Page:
Our world is in a constant state of flux; we are forced to establish tangible markers of change to help shape the construction of our memories and to do so we collect objects, such as letters, photographs, and souvenirs. We can control our possessions in a way that little else can be controlled, offering us a sense of stability in a world of change. For a true collector, the desire for perfection and control through the order of objects can be so strong that it develops into an obsession.
Walter Benjamin wrote of the book collector’s mysterious relationship to ownership and the ‘dialectical tension between the poles of disorder and order’. It is, he says, a passion that ‘borders on the chaos of memories’.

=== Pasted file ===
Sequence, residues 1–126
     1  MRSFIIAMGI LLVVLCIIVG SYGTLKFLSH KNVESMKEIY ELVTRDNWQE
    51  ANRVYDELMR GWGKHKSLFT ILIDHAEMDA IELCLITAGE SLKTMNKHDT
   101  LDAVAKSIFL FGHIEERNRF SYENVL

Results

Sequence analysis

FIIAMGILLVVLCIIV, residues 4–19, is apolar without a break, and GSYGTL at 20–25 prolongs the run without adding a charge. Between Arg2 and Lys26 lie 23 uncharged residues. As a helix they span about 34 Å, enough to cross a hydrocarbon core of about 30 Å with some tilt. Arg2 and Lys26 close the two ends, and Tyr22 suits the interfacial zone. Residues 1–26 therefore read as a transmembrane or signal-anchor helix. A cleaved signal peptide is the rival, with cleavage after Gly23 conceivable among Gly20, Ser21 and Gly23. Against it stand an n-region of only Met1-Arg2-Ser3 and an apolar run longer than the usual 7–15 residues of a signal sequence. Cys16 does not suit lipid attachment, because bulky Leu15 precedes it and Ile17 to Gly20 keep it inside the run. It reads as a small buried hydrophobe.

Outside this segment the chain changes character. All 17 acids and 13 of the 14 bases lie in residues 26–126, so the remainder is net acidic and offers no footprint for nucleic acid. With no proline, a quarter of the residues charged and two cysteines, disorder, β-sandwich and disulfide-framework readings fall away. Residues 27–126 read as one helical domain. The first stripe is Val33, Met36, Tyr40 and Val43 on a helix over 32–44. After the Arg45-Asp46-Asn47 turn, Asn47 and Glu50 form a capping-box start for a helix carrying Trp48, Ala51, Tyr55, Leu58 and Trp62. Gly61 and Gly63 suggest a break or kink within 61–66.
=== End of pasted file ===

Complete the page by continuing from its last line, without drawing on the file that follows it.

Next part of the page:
My work explores the fragile relationship between memory and objects. I use books as a symbol of permanence and longevity to create wearable objects with a fragility that questions traditional notions of wear-ability. As an item worn close to the body, jewellery contains a strong emotional and physical relationship to the wearer and its small scale makes it the ideal collectible item. My work challenges values of permanence and stability by embracing the beauty of the imperfect, impermanent, and incomplete.